Black Fly: Sex Education Done Right

Nana Adae-Amoakoh and Ella, two influential forces, have manifested Black Fly –a space where POC can freely express their concerns related to sexual health. It’s about having those serious conversations, but also about supporting sexual exploration. Black Fly encourages artists to bless the world with their creativity, which becomes a vehicle that propels conversations forward.

Nana Adae-Amoakoh and Ella Frost have dedicated their free time to promoting and sustaining sexual health for POC. The conversation is huge –one that’s long overdue and has the power to change how the world perceives black and brown bodies.

Often overly sexualized, objectified, and commodified –black and brown bodies have existed under sexual troupes or motifs, often constrained or exaggerated. Under colonizing regimes, POC have been silenced. But no more. Now is the time for voices to soar and both Adae-Amoakoh and Frost are facilitating flight via Black Fly. The focus is on community as wealth. It’s also about connecting stories from around the globe; talking candidly about sexual health bolsters confidence, informs identities, and educates. Black Fly is on a mission that will take POC’s sexual education and identity to the moon and back several times over.

What inspired you to start Black Fly and what was the process like?

Nana: Both Ella and I were fed up with the lack of decolonized information on sexual health and well-being that considered the multiplicity of POC narratives and how our identity intersections shape how we are impacted in this area. In our first conversation, we literally couldn’t stop speaking about our respective sexual health and the issues we and others we knew have dealt with. Three hours later, we were convinced that if our friends and we were feeling and experiencing these things, then there must also be people we don’t know sharing our concerns.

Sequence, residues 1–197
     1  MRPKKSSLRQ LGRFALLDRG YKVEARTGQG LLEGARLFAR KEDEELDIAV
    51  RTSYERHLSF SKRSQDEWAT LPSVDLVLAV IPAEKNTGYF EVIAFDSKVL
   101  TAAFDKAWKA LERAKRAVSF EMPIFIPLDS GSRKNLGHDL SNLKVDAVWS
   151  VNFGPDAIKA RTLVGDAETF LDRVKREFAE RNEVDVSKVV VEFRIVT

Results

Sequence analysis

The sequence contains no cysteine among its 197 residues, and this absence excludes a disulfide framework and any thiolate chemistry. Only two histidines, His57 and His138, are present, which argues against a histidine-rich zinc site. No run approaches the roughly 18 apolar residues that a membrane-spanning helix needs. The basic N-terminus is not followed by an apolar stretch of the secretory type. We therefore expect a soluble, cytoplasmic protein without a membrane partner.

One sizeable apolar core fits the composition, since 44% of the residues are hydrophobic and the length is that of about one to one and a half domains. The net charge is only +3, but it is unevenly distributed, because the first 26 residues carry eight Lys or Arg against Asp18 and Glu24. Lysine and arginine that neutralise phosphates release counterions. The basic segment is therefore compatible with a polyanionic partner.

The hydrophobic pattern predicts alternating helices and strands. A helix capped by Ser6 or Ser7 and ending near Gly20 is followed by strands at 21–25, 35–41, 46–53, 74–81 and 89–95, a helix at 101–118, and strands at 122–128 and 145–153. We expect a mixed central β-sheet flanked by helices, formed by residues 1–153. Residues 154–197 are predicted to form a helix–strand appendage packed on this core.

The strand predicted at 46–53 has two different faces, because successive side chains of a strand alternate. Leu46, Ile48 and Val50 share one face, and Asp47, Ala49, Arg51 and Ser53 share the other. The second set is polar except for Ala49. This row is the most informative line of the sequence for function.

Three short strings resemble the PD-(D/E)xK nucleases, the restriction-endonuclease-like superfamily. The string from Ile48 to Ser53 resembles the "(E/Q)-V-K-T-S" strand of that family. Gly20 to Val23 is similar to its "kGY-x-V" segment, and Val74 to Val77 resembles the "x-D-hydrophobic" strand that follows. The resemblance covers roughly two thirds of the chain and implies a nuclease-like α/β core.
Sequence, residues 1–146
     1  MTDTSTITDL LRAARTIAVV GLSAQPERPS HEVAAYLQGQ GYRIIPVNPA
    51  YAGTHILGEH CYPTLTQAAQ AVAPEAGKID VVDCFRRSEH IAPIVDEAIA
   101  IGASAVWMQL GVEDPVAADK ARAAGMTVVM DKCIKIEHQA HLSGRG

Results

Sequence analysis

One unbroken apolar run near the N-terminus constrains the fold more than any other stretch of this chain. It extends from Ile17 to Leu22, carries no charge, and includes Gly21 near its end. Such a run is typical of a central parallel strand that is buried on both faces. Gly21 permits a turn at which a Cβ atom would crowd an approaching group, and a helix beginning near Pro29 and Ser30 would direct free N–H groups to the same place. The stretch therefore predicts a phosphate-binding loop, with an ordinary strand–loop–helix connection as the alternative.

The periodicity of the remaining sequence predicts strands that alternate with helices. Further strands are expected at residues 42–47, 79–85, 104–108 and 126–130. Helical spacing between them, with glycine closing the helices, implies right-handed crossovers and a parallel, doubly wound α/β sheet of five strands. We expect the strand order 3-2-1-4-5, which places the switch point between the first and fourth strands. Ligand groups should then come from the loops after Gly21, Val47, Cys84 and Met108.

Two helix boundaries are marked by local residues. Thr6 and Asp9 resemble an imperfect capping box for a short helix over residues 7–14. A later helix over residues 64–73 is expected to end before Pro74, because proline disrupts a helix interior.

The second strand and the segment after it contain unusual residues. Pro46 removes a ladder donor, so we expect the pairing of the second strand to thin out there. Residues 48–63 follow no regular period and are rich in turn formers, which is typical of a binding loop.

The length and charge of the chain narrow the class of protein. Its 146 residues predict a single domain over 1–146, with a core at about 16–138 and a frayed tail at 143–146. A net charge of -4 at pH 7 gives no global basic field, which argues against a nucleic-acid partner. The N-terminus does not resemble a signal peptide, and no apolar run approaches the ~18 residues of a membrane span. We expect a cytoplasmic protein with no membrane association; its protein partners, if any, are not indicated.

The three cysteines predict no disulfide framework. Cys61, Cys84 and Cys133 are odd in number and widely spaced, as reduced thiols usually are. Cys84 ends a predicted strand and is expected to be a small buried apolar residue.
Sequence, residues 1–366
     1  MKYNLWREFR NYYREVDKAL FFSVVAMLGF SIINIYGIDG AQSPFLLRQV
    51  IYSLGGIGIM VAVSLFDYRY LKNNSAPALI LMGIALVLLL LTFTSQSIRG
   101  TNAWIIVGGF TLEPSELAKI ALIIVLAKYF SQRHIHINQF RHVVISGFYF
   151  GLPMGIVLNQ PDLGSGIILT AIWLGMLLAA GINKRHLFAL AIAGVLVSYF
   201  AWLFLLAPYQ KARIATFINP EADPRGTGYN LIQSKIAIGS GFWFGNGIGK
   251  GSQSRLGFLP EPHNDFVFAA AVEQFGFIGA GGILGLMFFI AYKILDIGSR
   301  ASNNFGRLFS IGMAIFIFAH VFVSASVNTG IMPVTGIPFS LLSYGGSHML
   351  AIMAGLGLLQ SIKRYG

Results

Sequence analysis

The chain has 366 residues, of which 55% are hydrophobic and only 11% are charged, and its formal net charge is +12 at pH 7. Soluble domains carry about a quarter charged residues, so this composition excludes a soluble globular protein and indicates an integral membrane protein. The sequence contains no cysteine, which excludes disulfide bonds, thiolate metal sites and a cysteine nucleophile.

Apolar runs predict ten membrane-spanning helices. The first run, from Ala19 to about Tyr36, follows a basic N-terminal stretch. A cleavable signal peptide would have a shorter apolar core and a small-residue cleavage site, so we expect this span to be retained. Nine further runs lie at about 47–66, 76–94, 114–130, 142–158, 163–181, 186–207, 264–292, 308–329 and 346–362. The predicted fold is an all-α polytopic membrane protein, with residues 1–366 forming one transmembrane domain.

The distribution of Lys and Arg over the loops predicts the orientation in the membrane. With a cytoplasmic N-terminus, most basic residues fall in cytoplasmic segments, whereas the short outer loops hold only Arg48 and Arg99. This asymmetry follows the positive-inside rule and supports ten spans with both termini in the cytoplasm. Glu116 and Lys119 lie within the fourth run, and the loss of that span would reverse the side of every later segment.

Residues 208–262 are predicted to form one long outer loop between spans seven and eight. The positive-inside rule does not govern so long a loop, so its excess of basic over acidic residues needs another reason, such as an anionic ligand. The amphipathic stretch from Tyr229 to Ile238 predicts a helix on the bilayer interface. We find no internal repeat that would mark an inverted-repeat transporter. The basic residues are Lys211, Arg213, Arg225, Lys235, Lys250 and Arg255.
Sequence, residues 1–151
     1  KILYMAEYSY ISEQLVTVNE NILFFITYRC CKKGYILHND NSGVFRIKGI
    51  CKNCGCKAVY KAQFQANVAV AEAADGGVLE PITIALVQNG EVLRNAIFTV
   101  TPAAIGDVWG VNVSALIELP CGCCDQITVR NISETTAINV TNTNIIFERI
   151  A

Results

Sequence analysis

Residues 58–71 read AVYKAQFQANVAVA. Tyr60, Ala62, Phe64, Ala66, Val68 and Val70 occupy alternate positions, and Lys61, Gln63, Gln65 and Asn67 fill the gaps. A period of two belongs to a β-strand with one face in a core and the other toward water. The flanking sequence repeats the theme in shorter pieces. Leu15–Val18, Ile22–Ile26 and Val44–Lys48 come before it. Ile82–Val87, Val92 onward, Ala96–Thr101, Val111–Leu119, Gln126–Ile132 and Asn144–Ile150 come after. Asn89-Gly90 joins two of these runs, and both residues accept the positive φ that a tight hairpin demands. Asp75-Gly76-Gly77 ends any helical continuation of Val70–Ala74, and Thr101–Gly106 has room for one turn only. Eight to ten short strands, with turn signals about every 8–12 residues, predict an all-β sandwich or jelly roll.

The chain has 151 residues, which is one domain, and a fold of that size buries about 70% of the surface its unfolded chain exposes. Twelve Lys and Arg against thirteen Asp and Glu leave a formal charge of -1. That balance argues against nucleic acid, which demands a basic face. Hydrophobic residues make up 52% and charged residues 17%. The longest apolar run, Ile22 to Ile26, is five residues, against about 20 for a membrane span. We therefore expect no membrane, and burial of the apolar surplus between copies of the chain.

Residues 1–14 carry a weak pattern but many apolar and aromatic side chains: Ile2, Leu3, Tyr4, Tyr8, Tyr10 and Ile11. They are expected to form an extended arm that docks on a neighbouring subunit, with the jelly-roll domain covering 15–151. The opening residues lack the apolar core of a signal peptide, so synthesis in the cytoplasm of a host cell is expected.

When we did the call-out, we simply stated the vision for Black Fly and encouraged people to submit whatever this compelled them to produce. It was really amazing when the submissions started coming through; people expressing themselves in a variety of ways, through a range of perspectives, from across three continents. The process of putting them all together, choosing the order, working with the artists to edit, learning Adobe InDesign, happened alongside us holding down full-time jobs and meant we were often working through the night. But it was a different kind of tiredness. We are so invested and committed to this project, that working from this place of love fueled us to get it to what it is and continues to motivate us today.

Is the focus on sexual health an attempt to re-educate and build a community that transcends institutions, institutions that have often left POC on the margins?

Ella: I don’t think we are in a position to re-educate people, nor would we want to. People of colour know their experiences better than us and know themselves, it is whiteness that seeks to undermine that knowledge and cast doubt. It’s more about having a platform to show these voices within the particular context of sexual health, to know that white supremacy is working on all these different levels, to pay attention to it, recognize it and uphold the voices who are affected by it.

Do you feel like the zine itself or the application process is a ritual?

Nana: When I think of a ritual I think of a spiritual ceremony or repeating an act with the intention of producing and causing a particular outcome. Because of my own experiences, there were submissions that upon reading for the first time made me very emotional. And we have so many inboxes from people who having read the zine, talk about how beautiful it is and how it has helped them manage feelings of isolation because they read or saw something in it that resonated with them. For Ella and I, we definitely recognized a cathartic aspect to producing the zine in ourselves but also for the contributors. I definitely think there is a ritualistic aspect to tapping into our pain in a way which is fruitful.